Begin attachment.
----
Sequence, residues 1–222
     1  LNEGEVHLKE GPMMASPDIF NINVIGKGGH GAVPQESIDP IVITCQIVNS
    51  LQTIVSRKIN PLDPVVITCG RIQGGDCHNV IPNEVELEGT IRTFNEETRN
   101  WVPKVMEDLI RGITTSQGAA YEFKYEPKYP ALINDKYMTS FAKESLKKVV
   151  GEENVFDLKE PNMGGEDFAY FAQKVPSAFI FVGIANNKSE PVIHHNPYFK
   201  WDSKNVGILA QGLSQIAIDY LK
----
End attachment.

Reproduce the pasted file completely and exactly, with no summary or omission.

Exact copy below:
Sequence, residues 1–222
     1  LNEGEVHLKE GPMMASPDIF NINVIGKGGH GAVPQESIDP IVITCQIVNS
    51  LQTIVSRKIN PLDPVVITCG RIQGGDCHNV IPNEVELEGT IRTFNEETRN
   101  WVPKVMEDLI RGITTSQGAA YEFKYEPKYP ALINDKYMTS FAKESLKKVV
   151  GEENVFDLKE PNMGGEDFAY FAQKVPSAFI FVGIANNKSE PVIHHNPYFK
   201  WDSKNVGILA QGLSQIAIDY LK